Podcast: Carenza Lewis in conversation with The Lincolnite

We were joined by renowned archeologist, former Time Team presenter and University of Lincoln professor Carenza Lewis for the first episode of a new podcast series from The Lincolnite.

The podcast will feature conversations with influential and inspirational people across the city and is available to download for free.


SUBSCRIBE here (Apple), here (Spotify) and here (Android) to enjoy any time, like on your commute or at the gym.


We met Carenza in the haunting and echoing atrium of the Victorian prison at Lincoln Castle, surrounded by Medieval and Roman discoveries from archaeological digs in the castle grounds, as well as a nearby Saxon sarcophagus.

Photo: Steve Smailes for The Lincolnite

Photo: Steve Smailes for The Lincolnite

Coffee in hand and surrounded by historical treasures, she shared how she was plucked for a new hit TV programme in the early 90s, told us about life and research in Lincoln and also spoke out about her experiences as a victim of a cancer misdiagnosis scandal during the peak of her career.

Carenza is well known for her work on Channel 4’s much loved Time Team programme. She specialises in the academic fields of history, archeology and landscape studies.

She currently works at the University of Lincoln as Professor of Public Understanding and Research.

Before this she taught at the university of Cambridge for 15 years, having previously been an archeological investigator on Historical Monuments of England.

Photo: Steve Smailes for The Lincolnite

“Lincoln is very different”, she explained, describing the university as “young, bright, expanding and with a sense of opportunity and courage to do new things.”

She spoke about her passion for connecting academia with the wider public. In the three years she has worked in the city she has conducted a survey with 2,000 local residents and managed archeological digs across many villages.

Photo: Steve Smailes for The Lincolnite

Photo: Steve Smailes for The Lincolnite

The next planned dig will be on the university’s Riseholme Campus near RAF Scampton, where she hopes researchers and volunteers will stumble across fascinating Roman remains. 

“If anywhere is going to have more Roman material and more continuity from the Roman period to the Medieval period you’d expect it to be near somewhere like Lincoln. It will be really interesting to see if that’s what turns up at Riseholme.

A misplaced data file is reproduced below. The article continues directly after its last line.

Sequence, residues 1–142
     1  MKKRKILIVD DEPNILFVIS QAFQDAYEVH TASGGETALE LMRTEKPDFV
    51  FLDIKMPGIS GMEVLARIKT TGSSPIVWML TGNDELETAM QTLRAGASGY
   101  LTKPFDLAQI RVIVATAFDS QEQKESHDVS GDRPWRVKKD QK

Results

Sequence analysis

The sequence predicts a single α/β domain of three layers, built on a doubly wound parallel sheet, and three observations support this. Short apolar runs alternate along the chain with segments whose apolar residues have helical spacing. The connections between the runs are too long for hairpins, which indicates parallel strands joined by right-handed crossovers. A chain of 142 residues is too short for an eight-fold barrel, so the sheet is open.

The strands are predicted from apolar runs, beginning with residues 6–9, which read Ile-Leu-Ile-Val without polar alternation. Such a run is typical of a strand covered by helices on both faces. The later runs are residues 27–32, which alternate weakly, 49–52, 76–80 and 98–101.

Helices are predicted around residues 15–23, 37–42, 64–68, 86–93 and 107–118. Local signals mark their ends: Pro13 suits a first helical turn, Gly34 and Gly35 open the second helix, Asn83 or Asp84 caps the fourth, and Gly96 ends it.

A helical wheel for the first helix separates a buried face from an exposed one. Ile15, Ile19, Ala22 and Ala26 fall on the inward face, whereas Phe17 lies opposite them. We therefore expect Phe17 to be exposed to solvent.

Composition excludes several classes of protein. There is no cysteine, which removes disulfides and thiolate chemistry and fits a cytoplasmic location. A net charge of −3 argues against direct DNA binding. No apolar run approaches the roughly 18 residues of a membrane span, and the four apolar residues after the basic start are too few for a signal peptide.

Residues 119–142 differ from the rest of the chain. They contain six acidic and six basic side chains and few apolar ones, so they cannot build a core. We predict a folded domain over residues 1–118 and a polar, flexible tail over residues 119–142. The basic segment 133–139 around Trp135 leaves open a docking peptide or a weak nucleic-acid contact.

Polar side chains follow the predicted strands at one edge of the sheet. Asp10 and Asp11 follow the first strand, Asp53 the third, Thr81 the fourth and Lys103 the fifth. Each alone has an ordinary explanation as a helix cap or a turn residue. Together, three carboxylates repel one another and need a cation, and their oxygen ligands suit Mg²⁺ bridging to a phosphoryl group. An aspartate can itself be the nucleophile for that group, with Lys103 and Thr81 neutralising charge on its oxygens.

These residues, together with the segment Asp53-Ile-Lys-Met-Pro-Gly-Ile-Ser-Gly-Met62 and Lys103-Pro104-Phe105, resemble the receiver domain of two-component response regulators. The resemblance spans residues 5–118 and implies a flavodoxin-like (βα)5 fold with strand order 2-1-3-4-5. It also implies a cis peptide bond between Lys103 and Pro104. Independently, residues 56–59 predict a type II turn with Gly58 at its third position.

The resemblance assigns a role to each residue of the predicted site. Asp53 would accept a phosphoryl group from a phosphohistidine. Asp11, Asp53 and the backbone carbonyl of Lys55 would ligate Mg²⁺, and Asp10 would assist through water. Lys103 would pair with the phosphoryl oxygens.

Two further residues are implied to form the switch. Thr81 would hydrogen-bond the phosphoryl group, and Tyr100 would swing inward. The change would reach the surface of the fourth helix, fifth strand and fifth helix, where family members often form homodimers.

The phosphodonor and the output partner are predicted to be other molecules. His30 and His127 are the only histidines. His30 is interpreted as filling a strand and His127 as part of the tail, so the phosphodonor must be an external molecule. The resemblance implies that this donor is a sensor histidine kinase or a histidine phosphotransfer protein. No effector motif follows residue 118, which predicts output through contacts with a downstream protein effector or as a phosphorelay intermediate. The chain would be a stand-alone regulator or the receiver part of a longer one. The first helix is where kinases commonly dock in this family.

“The opportunity that taking part in an excavation gives you to actually uncover your own finds is amazing. You never know what you’re going to find next.”

Carenza told The Lincolnite Associate Editor Emily Norton about the excitement of working on Time Team and leaping unexpectedly into the world of television, as well as the challenges of her work and personal life.

Photo: Steve Smailes for The Lincolnite

Photo: Steve Smailes for The Lincolnite

She recalled how she dealt with her experiences as a victim of cancer misdiagnoses at the peak of her television career. She was 33 and her youngest child was just 11 months old. Carenza was one of more than 200 people affected by botched test results at the hands of Dr James Elwood.

She underwent radical surgery after being told she had breast cancer, a double mastectomy, but three years later she was told the tests had been wrong. The “good news” was she had not had cancer.

Photo: Steve Smailes for The Lincolnite

“That was almost more of a shock that being told I had cancer,” she said. “It was utterly disorientating.

“Mainly I was just hugely relieved. I got on, I carried on doing Time Team, but I don’t think I was a model of fortitude and resilience. Not on the inside anyway.”

Carenza looked back at the effects the experience had on her career, losing the job at the Royal Commission due to her health, but says each milestone came with a new opportunity.

“I’ve no idea how I’d ever write my autobiography!” she laughed.

Photo: Steve Smailes for The Lincolnite

Photo: Steve Smailes for The Lincolnite

When asked about long-term plans, Carenza said: “As you can imagine, my attitude to long term  plans is against the experience that things come out of the blue. At the moment I love it here. I love Lincoln. I love the opportunity in the region to do things that make a difference.

“My role at the university is enabling me to do the thing I think are important and good. So I have no plans to leave.”


Listen to the podcast and future episodes

SUBSCRIBE here (Apple), here (Spotify) and here (Android) to enjoy any time, like on your commute or at the gym.


Emily Norton and Carenza Lewis. Photo: Steve Smailes for The Lincolnite